Travel vaccinations

Whether you are travelling abroad for business or pleasure, and depending on where you are travelling to, you should be thinking about vaccinations that you might need 6 to 8 weeks before you are due to travel. Here is an overview of travel vaccinations along with some good health travel advice.   

If you are travelling to countries in northern and central Europe, North America or Australia, you are unlikely to need any vaccinations. But if you are travelling outside the UK, you may need to be vaccinated against some of the serious diseases found in other parts of the world such as yellow fever, typhoid and hepatitis B.

In the UK, routine NHS immunisation protects you against a number of diseases but does not cover all of the infectious diseases found overseas. You should make sure you are up to date with these NHS vaccinations before travelling abroad and it is always advisable to take details of vaccination status with you when you travel. 

Some travel vaccinations which you may require for certain countries and which would incur additional cost are:

  • Hepatitis A and B
  • Japanese encephalitis
  • Meningitis
  • Rabies
  • Tick-borne encephalitis
  • Tuberculosis (TB)
  • Yellow fever
  • Typhoid

Some vaccines need to be given well in advance to allow your body to develop immunity and some vaccines involve several doses spread over several weeks or months.

You may be more at risk of some diseases, for example, if you are travelling in rural areas, backpacking, staying in hostels or camping and on a long trip rather than a package holiday. Also  if you have a pre-existing health problem, this may make you more at risk of infection or complications from a travel-related illness.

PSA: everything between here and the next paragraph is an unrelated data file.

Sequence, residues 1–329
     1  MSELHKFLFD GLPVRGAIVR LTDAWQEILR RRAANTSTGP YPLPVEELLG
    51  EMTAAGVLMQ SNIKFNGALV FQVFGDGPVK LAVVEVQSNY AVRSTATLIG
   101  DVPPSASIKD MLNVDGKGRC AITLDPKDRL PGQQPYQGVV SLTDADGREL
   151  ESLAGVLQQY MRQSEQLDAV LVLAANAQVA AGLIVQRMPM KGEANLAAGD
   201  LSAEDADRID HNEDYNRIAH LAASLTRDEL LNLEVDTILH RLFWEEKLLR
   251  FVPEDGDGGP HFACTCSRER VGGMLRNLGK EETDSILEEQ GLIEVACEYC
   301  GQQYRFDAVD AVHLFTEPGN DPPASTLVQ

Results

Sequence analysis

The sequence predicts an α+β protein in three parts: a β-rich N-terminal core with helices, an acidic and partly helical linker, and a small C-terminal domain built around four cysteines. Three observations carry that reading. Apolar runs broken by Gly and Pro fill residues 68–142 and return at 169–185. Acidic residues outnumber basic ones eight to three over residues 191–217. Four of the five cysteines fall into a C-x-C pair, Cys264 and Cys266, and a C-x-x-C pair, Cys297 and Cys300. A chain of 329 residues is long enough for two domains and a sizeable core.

There are other things to consider when planning your travel vaccinations, including your age and health. You may also be more vulnerable to infection than others, some vaccines cannot be given to people with certain medical conditions.

If you are working as an aid worker, you may come into contact with more diseases, for example in a refugee camp or helping after a natural disaster. You may also be working in a medical setting and may require additional vaccinations.

Also, if you are in contact with animals, you may be more at risk of getting diseases spread by animals, such as rabies.

If you are pregnant, might be pregnant or breastfeeding, you should speak to a GP before getting any vaccinations.

For people with immune deficiencies, vaccination against certain diseases may not be advised. This may be the case if you have a condition that affects your body’s immune system, such as HIV or AIDS, if you are receiving treatment that affects your immune system such as chemotherapy or you you have recently had a bone marrow or organ transplant.

As well as getting any travel vaccinations that you might need, its also a good idea to make sure that your other UK vaccinations are up to date. These include hepatitis B, tuberculosis, flu and chickenpox.


If you are planning a trip overseas, I can provide you with all the advice and help that you need in relation to travel vaccinations and travel health. I can also advise you about protecting yourself from malaria.

Remember some vaccines need to be given well in advance to allow your body time to develop immunity. Here at The Cademuir Clinic, I can administer travel vaccinations as well as provide you with certificates of vaccination. 

I can also advise if you have a pre-existing medical condition or allergy too. If you are planning a trip overseas, please do not leave your travel vaccinations and travel health until the last minute.